The discovered graveyards, mostly dating back to the Roman and Byzantine era, contain tens of skulls, Mahmoud Hamoud, Damascus Countryside Archeology director said in a statement to SANA.

Hamoud disclosed that some other findings were also found as part of burial materials, including clay and glass tools, bracelets, rings, ring-bells, beads, eardrops, made of bronze, iron, glass, wood, and precious stones, as well as eardrops made of gold.

Earlier, Damascus Countryside Archeology Directorate announced the finding of a basalt-built mass graveyard in ‘Ashrafiat Sihnaya’, dating back to same period, with several skulls and other burial materials, made of glass, wood, and metal.

… it continues with some touristy stuff …

via Roman and Byzantine Graveyards Unearthed near Damascus SANA , Syria.

See also:

JOB: Roman Archaeology @ Missouri

(please send any responses to the folks mentioned in the quoted text, not to rogueclassicism!):

Visiting Assistant Professor Roman Archaeology

The Department of Art History and Archaeology at the University of Missouri
seeks a visiting assistant professor to teach courses in Roman art and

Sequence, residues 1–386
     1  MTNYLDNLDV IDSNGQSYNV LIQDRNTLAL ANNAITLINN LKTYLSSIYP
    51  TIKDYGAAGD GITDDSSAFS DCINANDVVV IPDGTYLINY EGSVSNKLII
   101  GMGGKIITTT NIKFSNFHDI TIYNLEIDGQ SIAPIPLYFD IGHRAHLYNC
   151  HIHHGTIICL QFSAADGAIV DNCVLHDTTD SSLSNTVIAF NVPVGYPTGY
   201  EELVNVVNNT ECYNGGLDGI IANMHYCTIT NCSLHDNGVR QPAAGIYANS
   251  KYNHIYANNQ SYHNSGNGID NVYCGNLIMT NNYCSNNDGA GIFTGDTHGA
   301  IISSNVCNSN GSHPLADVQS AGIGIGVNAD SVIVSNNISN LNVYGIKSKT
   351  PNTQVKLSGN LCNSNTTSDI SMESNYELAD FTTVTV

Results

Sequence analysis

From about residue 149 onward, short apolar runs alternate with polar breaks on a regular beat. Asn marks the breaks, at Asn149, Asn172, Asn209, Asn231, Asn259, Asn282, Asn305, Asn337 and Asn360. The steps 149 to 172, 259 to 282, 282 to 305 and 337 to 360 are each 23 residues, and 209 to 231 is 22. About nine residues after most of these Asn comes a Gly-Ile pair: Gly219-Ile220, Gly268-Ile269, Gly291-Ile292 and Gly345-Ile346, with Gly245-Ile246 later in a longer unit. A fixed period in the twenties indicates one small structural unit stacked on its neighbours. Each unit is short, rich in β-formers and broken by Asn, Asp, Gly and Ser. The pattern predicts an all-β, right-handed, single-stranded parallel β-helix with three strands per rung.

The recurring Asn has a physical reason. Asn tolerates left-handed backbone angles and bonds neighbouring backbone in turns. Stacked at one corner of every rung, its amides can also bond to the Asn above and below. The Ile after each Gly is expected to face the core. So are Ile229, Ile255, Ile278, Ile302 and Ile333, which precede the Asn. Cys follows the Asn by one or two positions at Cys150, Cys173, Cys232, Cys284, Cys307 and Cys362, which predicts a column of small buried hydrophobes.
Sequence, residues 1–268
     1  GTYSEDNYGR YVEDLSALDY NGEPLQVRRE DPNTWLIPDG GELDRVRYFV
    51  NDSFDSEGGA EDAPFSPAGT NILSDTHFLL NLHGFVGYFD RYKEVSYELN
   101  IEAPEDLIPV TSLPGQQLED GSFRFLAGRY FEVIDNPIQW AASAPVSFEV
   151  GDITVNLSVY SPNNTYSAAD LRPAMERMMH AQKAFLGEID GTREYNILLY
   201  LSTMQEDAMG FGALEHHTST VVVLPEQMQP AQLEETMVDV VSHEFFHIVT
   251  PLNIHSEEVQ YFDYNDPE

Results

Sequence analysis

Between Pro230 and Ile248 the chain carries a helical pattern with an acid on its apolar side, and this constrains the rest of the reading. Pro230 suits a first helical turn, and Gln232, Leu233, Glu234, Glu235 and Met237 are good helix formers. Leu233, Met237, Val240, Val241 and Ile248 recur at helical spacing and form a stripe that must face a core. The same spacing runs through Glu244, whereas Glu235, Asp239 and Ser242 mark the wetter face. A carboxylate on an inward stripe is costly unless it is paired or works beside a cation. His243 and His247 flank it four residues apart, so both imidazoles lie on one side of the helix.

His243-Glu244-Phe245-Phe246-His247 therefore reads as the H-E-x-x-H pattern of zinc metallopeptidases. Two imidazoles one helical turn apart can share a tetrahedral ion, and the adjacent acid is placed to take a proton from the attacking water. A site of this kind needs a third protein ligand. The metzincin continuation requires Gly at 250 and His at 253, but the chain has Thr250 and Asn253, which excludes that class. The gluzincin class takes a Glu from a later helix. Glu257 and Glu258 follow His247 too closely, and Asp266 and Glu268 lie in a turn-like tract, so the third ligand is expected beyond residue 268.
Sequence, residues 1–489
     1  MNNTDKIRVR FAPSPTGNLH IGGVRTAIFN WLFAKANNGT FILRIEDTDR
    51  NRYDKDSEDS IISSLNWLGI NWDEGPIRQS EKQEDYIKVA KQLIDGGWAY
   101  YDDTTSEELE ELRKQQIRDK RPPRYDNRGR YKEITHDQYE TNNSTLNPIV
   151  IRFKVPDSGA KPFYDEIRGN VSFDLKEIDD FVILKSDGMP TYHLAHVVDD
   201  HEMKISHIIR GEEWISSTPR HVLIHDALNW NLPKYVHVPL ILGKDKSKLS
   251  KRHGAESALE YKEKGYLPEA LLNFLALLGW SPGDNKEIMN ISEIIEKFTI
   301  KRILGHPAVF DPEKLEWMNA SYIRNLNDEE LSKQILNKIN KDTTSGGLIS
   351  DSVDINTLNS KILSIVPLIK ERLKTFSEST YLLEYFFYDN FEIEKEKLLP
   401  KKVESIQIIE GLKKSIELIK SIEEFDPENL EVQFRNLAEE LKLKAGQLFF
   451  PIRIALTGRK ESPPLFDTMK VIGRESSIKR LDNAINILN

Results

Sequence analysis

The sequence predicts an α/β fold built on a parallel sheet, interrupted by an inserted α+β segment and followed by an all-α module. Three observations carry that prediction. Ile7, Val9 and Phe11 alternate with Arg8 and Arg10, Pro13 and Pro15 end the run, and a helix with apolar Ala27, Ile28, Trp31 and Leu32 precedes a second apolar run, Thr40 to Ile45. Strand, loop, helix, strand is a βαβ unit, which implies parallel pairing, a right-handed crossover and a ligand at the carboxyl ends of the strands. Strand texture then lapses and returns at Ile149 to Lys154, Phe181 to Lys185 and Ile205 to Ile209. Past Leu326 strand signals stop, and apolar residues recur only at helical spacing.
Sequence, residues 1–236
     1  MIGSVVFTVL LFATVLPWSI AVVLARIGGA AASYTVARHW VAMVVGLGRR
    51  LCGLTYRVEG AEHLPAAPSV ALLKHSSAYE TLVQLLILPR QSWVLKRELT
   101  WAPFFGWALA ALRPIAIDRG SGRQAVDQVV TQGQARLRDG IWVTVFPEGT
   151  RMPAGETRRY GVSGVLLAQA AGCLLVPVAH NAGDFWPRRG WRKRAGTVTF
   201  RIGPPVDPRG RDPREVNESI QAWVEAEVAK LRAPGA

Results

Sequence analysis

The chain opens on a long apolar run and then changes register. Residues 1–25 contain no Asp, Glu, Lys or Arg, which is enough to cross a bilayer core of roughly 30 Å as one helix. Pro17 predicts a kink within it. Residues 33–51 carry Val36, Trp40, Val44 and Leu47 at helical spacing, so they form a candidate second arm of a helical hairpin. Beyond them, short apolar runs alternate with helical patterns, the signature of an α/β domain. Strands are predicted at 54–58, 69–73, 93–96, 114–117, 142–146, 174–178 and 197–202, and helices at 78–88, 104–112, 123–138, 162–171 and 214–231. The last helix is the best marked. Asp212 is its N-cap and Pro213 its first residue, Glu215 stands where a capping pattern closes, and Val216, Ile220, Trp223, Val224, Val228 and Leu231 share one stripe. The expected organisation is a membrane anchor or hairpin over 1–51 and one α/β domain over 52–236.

archaeology. This is a fulltime,non-tenure track position from August 2010
to May 2011. The position is responsible for six courses (3/3), including an
introductory survey of Roman art and archaeology and undergraduate and
graduate-level Roman courses in a variety of topics. A PhD is required for
appointment at this rank, but advanced ABD applicants also will be
considered at a different rank. Teaching experience is preferred.

The department offers the BA, MA, and PhD degrees in classical archaeology
and art history. There are normally about 80 undergraduate majors and 25
graduate students. Graduate degrees in art history and archaeology can be
combined with interdisciplinary minors in Ancient Studies, Medieval and
Renaissance Studies, and Women零 and Gender Studies. The University of
Missouri is the main campus of the state university system and offers a
broad range of undergraduate and graduate programs. Please send letter of
application, curriculum vitae, and contact information for three references
to:

Anne Rudloff Stanton, Chair
Department of Art History and Archaeology
109 Pickard Hall
University of Missouri
Columbia, MO 65211

Application review starts March 15, 2010, and will continue until the
position is filled. For more information see the department website at
http://aha.missouri.edu. The University of Missouri-Columbia is an Equal
Opportunity/Affirmative Action/ADA Employer.

CFP: Animals in the Ancient World

Seen on Aegeanet (please send any responses to the folks mentioned in the quoted text, not to rogueclassicism!):

The Beast Within (and Without)